Reasonable Doubt

The Science of Miracles

Is God all in our heads—a product of brain chemistry? Or is the human brain like a radio that can tune into the divine?

Barbara Bradley Hagerty
GEN
Published in
12 min readFeb 7, 2019

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Photo by Amaury Gutierrez on Unsplash

TThe line between faith and science has always figured prominently in my life. Long before my decade as a religion correspondent for NPR, I was raised in Christian Science, the religion that privileges prayer over medicine. I reached adulthood without ever going to the doctor, getting a shot, or taking a vitamin, much less antibiotics. In my early thirties, I left the religion after a happy encounter with Tylenol: A single pill eviscerated my three-day fever within the space of 10 minutes. But I never lost respect for the Christian Science belief that how you think and pray can have a physical effect on your body.

Still, I was often surprised when other people expressed the same openness to prayer. On an April day in 2011, I walked into the production area of “Morning Edition” to find my young, hip colleagues debating a story I had written about a boy who’d made a seemingly miraculous recovery from a horrible disease. I, who was neither young nor hip, was on the fence about whether luck, medical treatment, or divine intervention had saved the boy. I was surprised that these well-educated, coastal, twentysomething journalists would even entertain the possibility of miracles.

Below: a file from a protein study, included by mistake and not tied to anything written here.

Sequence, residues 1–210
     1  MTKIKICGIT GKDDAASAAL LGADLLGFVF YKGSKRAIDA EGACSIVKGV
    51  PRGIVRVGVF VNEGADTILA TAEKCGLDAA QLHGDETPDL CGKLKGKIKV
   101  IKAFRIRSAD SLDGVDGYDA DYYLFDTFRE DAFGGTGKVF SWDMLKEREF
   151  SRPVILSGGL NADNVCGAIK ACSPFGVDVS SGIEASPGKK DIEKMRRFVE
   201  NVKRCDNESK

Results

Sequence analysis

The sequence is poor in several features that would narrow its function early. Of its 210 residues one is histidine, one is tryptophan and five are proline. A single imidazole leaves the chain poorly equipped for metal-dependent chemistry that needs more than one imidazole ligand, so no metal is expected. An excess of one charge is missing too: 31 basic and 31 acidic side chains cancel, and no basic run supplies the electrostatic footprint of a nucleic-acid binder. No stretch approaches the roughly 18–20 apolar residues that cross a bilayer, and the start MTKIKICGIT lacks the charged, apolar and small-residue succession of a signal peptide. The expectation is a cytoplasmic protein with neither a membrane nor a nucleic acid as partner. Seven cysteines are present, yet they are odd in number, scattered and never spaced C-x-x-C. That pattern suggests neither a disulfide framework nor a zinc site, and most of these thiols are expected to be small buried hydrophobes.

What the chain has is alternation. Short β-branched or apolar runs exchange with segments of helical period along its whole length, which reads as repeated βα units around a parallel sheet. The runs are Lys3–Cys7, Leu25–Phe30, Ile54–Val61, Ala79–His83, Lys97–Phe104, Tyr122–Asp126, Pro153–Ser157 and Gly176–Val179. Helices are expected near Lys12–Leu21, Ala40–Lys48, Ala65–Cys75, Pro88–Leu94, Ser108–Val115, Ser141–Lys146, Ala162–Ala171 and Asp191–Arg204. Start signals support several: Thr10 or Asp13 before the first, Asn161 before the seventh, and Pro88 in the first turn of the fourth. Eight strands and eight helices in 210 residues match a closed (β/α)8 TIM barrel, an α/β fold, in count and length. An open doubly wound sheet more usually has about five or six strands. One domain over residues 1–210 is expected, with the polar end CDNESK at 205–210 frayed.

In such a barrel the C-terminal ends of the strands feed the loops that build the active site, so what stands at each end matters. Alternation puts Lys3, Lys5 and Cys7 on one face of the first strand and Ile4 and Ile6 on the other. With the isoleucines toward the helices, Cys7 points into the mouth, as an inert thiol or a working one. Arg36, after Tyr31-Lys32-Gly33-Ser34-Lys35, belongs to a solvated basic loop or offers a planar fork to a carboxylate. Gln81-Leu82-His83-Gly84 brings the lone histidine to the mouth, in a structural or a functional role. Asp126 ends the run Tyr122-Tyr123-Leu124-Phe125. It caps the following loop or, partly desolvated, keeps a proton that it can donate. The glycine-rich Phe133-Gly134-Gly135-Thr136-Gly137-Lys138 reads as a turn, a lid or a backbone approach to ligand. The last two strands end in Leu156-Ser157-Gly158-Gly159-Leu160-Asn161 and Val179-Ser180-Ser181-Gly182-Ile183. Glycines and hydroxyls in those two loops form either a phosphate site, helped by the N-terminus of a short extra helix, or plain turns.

The boy at the center of this debate was Jake Finkbonner, who had cut his lip playing basketball when he was six years old. Overnight, he developed a raging fever, his entire face swelling up. He was taken to Seattle Children’s Hospital, where Craig Rubens, a pediatric disease specialist, suspected the flesh-eating bacteria Strep A. He said the infection moved across Jake’s face like fire across parchment paper. “You just watch it spread from that corner very fast, and you’re stamping it on one side, and it’s flaming up on another.” It raced from Jake’s lip to his cheeks to his forehead to his scalp. “The infection had a life of its own,” added Richard Hopper, chief of plastic surgery. “The redness and the swelling — we would mark it and within the hour it would have spread another half-inch.”

The doctors told Jake’s parents it was time to call their priest. Father Tim Sauer gave the boy…

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Barbara Bradley Hagerty
GEN
Writer for

Barb Bradley Hagerty is a contributing editor at The Atlantic, writing on psychology, law and (in)justice. Before that, she covered law and religion for NPR.